SOME BOOKS . OF THE WEEK.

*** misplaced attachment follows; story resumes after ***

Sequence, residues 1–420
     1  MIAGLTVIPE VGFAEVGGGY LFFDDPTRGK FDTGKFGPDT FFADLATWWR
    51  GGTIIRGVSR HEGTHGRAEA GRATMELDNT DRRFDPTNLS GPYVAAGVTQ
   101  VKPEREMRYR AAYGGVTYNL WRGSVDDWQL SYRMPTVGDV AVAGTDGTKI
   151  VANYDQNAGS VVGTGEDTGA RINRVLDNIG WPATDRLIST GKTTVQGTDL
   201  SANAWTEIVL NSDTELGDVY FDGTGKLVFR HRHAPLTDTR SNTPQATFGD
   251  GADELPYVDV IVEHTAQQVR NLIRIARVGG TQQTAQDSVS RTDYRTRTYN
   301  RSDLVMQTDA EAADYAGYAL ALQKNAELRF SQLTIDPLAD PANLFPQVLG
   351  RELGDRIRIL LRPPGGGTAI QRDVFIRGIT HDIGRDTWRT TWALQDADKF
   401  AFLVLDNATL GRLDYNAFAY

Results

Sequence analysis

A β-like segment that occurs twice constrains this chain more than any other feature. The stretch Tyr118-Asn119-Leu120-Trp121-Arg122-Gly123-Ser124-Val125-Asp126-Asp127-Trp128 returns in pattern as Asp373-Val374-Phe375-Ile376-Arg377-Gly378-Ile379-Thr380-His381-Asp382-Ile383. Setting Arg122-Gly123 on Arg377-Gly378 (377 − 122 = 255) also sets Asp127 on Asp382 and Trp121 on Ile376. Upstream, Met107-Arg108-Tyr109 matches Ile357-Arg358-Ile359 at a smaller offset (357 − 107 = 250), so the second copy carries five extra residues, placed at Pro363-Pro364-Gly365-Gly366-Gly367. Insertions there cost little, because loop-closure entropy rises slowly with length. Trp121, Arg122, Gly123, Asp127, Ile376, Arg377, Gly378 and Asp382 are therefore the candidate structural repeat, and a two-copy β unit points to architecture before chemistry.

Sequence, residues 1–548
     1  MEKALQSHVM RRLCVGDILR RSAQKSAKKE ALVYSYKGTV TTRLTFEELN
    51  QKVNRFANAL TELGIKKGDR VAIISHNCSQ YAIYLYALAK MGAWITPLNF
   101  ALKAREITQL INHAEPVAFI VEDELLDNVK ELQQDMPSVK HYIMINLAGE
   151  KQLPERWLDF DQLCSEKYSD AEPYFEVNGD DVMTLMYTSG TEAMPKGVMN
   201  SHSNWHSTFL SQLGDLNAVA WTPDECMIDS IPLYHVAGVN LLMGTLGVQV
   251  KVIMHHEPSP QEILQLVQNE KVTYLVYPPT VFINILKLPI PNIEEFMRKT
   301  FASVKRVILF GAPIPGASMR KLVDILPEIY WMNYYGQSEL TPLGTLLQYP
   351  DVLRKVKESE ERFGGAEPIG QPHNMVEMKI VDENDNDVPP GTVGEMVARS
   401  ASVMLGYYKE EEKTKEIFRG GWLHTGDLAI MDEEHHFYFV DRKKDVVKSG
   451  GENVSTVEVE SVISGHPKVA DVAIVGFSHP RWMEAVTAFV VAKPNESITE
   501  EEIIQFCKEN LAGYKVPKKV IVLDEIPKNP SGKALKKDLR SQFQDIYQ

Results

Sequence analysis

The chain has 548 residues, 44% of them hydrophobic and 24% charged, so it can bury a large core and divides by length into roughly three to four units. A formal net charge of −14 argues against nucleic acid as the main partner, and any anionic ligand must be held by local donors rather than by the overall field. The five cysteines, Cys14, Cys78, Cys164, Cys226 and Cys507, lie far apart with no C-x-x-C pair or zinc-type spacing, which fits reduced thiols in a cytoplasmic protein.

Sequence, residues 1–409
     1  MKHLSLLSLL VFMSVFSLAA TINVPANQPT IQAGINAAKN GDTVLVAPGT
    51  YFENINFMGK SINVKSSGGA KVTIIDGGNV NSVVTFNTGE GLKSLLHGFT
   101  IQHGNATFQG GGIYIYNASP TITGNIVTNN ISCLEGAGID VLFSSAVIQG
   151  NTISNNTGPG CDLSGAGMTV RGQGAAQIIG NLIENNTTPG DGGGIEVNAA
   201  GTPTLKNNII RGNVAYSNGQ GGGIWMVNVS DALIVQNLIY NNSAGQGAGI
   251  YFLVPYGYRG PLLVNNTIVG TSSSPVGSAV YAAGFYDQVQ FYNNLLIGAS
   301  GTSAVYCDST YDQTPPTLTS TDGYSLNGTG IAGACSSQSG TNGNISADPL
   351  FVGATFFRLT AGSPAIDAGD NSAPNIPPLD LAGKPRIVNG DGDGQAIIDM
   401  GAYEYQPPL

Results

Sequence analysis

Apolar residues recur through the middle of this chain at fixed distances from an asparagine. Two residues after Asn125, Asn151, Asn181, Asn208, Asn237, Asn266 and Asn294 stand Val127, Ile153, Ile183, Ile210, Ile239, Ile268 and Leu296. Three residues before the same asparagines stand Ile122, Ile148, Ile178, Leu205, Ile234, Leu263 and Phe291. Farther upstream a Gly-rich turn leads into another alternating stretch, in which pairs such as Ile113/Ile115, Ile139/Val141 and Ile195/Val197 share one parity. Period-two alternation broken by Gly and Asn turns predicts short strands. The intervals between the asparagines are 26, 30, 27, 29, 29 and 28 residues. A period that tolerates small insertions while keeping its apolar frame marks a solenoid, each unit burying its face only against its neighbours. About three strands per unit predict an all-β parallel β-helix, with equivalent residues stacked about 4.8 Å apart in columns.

[Notice in tkis column does not necessarily preclude sidisegiund review.] In the National Review for April Lord Ampthill, under the heading of " Fiat Justitia : the Case of a Scapegoat," raises the case of Major-General D. Shaw, who, he says, was wrongly blamed by the Indian Government for the Karachi troop- train incident of June, 1916, -when several soldiers, fresh from home, lost their lives through heat apoplexy. General Shaw, it seems, had no jurisdiction in regard to the troop-trains, which were controlled by the Quartermaster-General. Lord Ampthill shows that the Indian Government misled Mr. Chamberlain into blaming General Shaw, as the Court of Inquiry held in India did not even consider the question of his responsibility. Mr. Herbert Hoover's address on " The Inspiration of Poland " is sympathetic and hopeful. Mr. Hugh E. M. Stutfield has a curious article on the Concordat which the Vatican made with Serbia on July 24th, 1914, four days before the Archduke Franz Ferdinand was assassinated. He states the rival theories of the significance of this Concordat in relation to the war, but does not decide between them. Mr. Walter Shaw Sparrow's " Epic of the Ninth Division in the Battle of St. Quentin " is a detailed narrative of great interest.